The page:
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How to Play Fantasy Football If You Don't Know Anything About It and Don't Really Want to Learn

Here's your handy, very-little-commitment-involved guide to fantasy football

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As of 2017, around 60 million people in America play fantasy football. I would guess that number is even larger now, especially as the NFL begins to embrace legal gambling and the windfall of cash it will provide. No matter how you look at it, fantasy—where fans assemble virtual rosters whose players accumulate points through their on-field performance—is now part of pro football's national profile. If you go to a live NFL game, the sideline chyrons usually prioritize fantasy statistics, to the point that fantasy talk is unavoidable; that's how deeply fantasy is baked into football culture in 2019. "How's your fantasy team doing?" is probably the most common icebreaker that no one actually wants to hear the answer to. How can you prepare?

 

If you're someone that's looking to dip their toes into the phenomenon, it can be an intimidating process. There's so many players, so much information, so many pundits who speak authoritatively about how to draft or who to pick. That can be reason enough not to try; I understand that. However, if you're looking for a few threads to guide your thinking on your pioneering foray into fantasy football, ONE37 has compiled a few tips to follow. It's not rocket science and it'll be fun. 

Injuries: You Should Double Check Who Is Injured

It's easy to find a list with fantasy football player rankings: here's ESPN's guide. Most leagues are either PPR (where the receiver gets a point per catch) or non-PPR, which alters the calculus slightly. These lists are generally pretty good and vary only slightly across different websites. However, there's one thing they usually do not update quickly, especially if the resource you're using is free.

 

Injuries. Do a quick google search of a prospective draftee to make sure they're eligible to play this season and aren't dealing with any injuries. It's football—injuries are constant. (Here's Pro Football Reference's list of current injuries). Many lists do not reflect to-the-minute rankings adjustments, so double-check so all your draft-mates don't dunk on you for picking someone who won't play this season.

Follow a Cheat Sheet of Some Sort

Finding these rankings is easy. However, forming a competitive advantage is hard. 

 

I haven't played fantasy football in years—the top-heavy nature of the pool of players became a gambling liability. In fantasy baseball or fantasy basketball, the seasons are long enough that you'll be able to overcome disaster with some savvy maneuvering. Football isn't the same way—most fantasy playoffs begin in week 12 or 13, so you're working with a really short timeline. The teams doing well at the beginning of the season tend to stick around to the end. If you have a high draft choice and spend it on a premium fantasy player, your season could be gone in a blink if, say, a borderline illegal hit outside the box. No waiver wire transaction is going to save you there.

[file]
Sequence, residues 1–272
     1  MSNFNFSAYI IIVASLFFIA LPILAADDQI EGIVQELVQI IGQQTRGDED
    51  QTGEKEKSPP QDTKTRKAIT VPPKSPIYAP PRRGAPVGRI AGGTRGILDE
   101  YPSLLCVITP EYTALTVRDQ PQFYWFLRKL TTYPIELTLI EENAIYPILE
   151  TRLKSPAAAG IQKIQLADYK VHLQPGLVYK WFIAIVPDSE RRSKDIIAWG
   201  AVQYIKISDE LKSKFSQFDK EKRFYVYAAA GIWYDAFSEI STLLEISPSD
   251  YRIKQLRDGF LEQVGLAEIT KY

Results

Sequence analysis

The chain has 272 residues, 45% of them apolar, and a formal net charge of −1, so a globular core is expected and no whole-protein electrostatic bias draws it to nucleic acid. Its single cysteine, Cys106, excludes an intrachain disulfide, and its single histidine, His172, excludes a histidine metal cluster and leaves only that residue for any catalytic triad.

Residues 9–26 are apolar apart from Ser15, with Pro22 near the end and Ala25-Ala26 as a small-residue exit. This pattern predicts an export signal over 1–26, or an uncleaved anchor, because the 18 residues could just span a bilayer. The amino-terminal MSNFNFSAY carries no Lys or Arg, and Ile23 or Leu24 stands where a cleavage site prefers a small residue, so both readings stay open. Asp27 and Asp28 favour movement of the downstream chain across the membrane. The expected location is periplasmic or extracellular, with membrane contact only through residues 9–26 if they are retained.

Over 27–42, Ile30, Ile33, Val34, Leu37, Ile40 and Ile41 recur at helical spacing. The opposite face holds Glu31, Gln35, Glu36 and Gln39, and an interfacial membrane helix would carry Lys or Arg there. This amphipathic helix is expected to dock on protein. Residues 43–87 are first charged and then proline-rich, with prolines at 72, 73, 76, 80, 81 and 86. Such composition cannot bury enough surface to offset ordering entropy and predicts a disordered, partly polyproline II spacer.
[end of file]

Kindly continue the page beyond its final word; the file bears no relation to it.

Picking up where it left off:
With that in mind, research players you feel good about, almost like you would researching a company you might like to invest in. Are they set up to succeed in a way that might not seem apparent? Do you have a feeling a certain team will perform better than pundits are saying? Mark your cheat sheet up. Sleeper lists are cool but be careful—those players' inclusion on the list makes them...not sleepers at all. 

Have Fun With It, It's Not That Serious

At its best, fantasy is good for sports—it causes fans to watch games out of their market, thus generating interest in the league at large. At its worst, you're forming an unhealthy emotional attachment to, like, Jonathan Stewart. There's a lot of luck involved with fantasy football—that's why it's become the most accessible fantasy game. By design, the value of analytics and spreadsheets and know-how is more muted than fantasy baseball.

 

So, celebrate the pageantry of it all. It gives you reason—week in, week out—to hop in the group chat and talk some shit. Maybe the real fantasy football is the friends we made along the way. 

 

Related: These 3 Fantasy NBA Matchups Would Be Astoundingly Epic

Related: Social Media Has Changed the Sports Landscape, For Better or Worse

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